Thurgood, B. K.; Ledbetter, N. M.; Warren, D. J.; Clark, G. A.
Wireless integrated circuit for 100-channel neural stimulation
We present the design of an integrated circuit for wireless neural stimulation, along with bench-top and in-vivo experimental results. The chip has the ability to drive 100 individual stimulation electrodes with constant-current pulses of varying amplitude, duration, interphasic delay, and repetition rate. The stimulation is done using a biphasic (cathodic and anodic) current source, injecting and retracting charge from the nervous system. Wireless communication and power are achieved over a 2.765-MHz inductive link. Only two off-chip components are needed to operate the stimulator: a 10-nF capacitor to aid in power supply regulation and a coil for power and command reception. The chip was fabricated in a commercially available 0.6-μm 2P3M BiCMOS process. The chip was able to activate motor fibers to produce muscle twitches via a Utah Slanted Electrode Array implanted in cat sciatic nerve, and to activate sensory fibers to recruit evoked potentials in somatosensory cortex.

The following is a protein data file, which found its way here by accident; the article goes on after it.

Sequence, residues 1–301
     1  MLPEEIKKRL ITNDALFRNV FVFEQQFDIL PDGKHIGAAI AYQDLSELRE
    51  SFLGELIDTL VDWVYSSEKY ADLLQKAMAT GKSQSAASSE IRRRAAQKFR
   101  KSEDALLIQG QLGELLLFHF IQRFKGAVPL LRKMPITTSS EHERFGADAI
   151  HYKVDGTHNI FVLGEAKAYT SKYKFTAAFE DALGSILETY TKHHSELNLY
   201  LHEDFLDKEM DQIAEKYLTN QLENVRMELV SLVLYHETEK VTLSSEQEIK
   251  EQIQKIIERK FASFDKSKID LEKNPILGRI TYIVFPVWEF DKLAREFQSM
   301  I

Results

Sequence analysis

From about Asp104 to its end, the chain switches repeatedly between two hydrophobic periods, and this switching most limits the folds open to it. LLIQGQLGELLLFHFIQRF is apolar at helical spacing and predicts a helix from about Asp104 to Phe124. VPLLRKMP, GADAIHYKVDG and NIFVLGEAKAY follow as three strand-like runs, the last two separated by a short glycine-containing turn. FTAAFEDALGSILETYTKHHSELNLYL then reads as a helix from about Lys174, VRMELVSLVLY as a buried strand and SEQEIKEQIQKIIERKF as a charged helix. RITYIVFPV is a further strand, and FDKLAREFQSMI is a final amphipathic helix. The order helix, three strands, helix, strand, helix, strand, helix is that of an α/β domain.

Institute of Electrical and Electronics Engineers (IEEE)
Integrated circuits; Microelectrodes; Implants, Artificial; Biotelemetry; Neural stimulation; Cats as laboratory animals; Animal models in research
2008 IEEE Biomedical Circuits and Systems Conference; ; Baltimore, MD, USA
Thurgood, B. K., Ledbetter, N. M., Warren, D. J., Clark, G. A., & Harrison, R. R. (2008). Wireless integrated circuit for 100- channel neural stimulation. Proceedings of the 2008 IEEE Biomedical Circuits and Systems Conference (BioCAS 2008), 129-32.
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